London Session Forex Recap – Dec. 1, 2015

  • Swiss Q3 GDP q/q: 0.0% vs. 0.2% expected, 0.2% previous
  • Spanish manufacturing PMI: 53.1 vs. 51.9 expected, 51.3 previous
  • French manufacturing PMI: 50.6 vs. 50.8 expected, 50.8 previous
  • German manufacturing PMI: 52.9 vs. 52.6 expected, 52.6 previous
  • German jobless rate: 6.3% vs. 6.4% expected, 6.4% previous
  • German jobless change: -13K vs. -5K expected, -6K previous
  • UK manufacturing PMI: 52.7 vs. 53.5 expected, 55.2 previous
  • Euro zone jobless rate: 10.7% vs. 10.8% expected, 10.8% previous
  • Dairy auction currently underway
  • Canadian GDP coming up

Risk appetite and lots of reports meant that today’s morning London forex session was a rather lively one. Wanna know which currencies got some lovin’ from forex traders?

Major Events:

UK banking system stress test resultAccording to the report from the BOE’s Financial Policy Committee, “no macroprudential actions on bank capital were required in response to the 2015 stress test” and that “The stress-test results suggest that the banking system is capitalised to support the real economy in a severe global stress scenario, which adversely affects the United Kingdom.” What did all those words mean, you ask? Well, I have three words for you: the banks passed.

Commodities rally – Most commodities were in the green during the forex session, with US crude oil up by 0.16% to $41.72 per barrel and gold up by 0.24% to $1,067.90 per troy ounce. Obviously, this was goods news for the comdolls.

Risk appetite spill over – The risk-on sentiment from the earlier Asian session spilled over into the European. While risk-taking was so rampant during the Asian session that the Nikkei closed above 20,000 points for the first time in 3 months and the Hang Seng had the biggest rally in 3 weeks, European markets were more modest, with the pan-European FTSEurofirst 300 up by 0.19% to 1,520.94 during the forex session. Market analysts noted that European mining and banking companies were leading the way, thanks to the result of the stress test on the UK banking system and a commodity rally, which I already discussed above.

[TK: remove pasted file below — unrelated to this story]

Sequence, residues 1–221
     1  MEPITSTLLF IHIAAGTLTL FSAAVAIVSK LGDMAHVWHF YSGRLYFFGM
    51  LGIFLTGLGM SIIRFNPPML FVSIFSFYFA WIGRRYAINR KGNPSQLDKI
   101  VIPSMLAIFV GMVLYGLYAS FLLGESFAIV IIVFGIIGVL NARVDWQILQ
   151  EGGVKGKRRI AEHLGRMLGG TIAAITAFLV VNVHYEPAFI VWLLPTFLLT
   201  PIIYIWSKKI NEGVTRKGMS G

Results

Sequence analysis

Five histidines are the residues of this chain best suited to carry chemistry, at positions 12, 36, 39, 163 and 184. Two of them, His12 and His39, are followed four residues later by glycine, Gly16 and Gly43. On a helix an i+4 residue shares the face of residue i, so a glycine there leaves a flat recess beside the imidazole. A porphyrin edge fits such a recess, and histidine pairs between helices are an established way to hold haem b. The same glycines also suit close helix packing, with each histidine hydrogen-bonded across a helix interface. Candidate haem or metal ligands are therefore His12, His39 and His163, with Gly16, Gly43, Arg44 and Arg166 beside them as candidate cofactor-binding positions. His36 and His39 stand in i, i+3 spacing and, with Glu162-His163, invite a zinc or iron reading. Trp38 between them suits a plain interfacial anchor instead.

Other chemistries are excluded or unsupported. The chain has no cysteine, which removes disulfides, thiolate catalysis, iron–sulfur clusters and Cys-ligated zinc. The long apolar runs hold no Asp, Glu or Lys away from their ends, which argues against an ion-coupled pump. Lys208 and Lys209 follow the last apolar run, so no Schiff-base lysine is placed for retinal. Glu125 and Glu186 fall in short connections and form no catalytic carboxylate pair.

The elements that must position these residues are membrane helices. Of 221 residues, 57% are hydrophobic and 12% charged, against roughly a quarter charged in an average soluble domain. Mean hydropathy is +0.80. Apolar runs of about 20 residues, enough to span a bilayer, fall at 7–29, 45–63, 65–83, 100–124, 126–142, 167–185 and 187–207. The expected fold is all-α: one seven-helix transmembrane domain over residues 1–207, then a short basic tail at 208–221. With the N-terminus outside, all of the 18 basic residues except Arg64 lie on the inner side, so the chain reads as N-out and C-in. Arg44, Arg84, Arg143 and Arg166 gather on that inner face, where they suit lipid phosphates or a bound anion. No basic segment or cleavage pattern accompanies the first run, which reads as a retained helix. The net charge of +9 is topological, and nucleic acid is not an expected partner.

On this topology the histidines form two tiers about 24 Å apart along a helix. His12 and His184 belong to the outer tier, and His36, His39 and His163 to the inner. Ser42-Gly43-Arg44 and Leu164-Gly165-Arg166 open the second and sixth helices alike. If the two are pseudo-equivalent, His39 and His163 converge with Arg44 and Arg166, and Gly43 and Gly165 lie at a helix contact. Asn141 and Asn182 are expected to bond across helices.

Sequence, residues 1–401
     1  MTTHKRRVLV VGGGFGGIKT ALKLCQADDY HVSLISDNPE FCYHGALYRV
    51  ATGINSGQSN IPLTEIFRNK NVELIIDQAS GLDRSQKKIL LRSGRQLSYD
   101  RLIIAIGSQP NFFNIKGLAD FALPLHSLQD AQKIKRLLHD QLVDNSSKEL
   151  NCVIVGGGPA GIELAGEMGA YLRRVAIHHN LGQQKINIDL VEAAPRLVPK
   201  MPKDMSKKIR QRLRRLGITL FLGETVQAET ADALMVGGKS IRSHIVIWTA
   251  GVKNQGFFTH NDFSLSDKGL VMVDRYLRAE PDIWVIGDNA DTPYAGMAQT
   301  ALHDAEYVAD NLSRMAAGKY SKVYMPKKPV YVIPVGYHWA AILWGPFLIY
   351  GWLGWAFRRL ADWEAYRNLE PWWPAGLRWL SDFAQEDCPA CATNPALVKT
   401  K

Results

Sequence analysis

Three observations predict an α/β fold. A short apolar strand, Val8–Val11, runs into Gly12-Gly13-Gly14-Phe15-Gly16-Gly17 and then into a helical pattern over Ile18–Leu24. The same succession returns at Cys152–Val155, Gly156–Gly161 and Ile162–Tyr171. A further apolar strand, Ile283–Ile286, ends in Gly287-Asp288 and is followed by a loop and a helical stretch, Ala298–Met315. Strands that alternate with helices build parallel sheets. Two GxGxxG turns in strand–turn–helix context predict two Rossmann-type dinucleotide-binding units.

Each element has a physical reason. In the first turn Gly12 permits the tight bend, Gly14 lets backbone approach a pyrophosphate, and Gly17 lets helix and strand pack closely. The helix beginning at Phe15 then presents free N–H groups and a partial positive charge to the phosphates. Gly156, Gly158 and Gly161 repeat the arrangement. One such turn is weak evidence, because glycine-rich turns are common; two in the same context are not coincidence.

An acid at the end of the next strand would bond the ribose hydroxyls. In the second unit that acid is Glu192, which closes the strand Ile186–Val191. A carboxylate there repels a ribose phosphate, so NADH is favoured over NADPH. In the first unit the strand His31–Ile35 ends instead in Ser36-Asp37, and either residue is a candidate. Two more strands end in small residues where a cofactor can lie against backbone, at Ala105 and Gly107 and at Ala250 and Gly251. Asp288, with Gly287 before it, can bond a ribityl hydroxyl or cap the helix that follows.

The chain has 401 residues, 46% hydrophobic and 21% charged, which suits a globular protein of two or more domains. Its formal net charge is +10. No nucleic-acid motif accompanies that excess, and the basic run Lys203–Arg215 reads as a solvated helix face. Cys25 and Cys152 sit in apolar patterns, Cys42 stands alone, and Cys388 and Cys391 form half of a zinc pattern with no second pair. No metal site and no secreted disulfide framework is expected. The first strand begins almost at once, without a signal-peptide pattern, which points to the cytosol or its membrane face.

Lower UK manufacturing PMI – The reading for November’s manufacturing PMI for the UK was still above the 50.0 neutral mark at 52.7, but it failed to meet the market’s expectations and it was lower than the previous reading of 55.2 to boot. The PMI report blamed the lower reading on “Output and new orders [expanding] at slower rates.” Also, employment levels were “close to stagnation,” and Markit’s Senior Economist, Rob Dobson, commented that “the manufacturing numbers stills exposes a number of weaknesses” since “Growth remains heavily focussed on the domestic consumer.”

Net positive euro zone dataSpain’s manufacturing PMI for November set the tone with a better-than-expected reading due to a “sharper rise in output and new orders.” Germany also printed a better-than-expected reading for its November manufacturing PMI while France’s manufacturing PMI was a bit of a disappointment since it ticked a wee bit lower. After that, Germany released a rather positive jobs report, with the jobless rate falling to 6.3%, which is supposedly the lowest ever since the reunification of Eastern and Western Germany, according to some analysts (who apparently know how to make things sound more dramatic). The jobless rate for the entire euro zone later followed suit, reporting a downtick from 10.8% to 10.7%, the lowest ever since January 2012.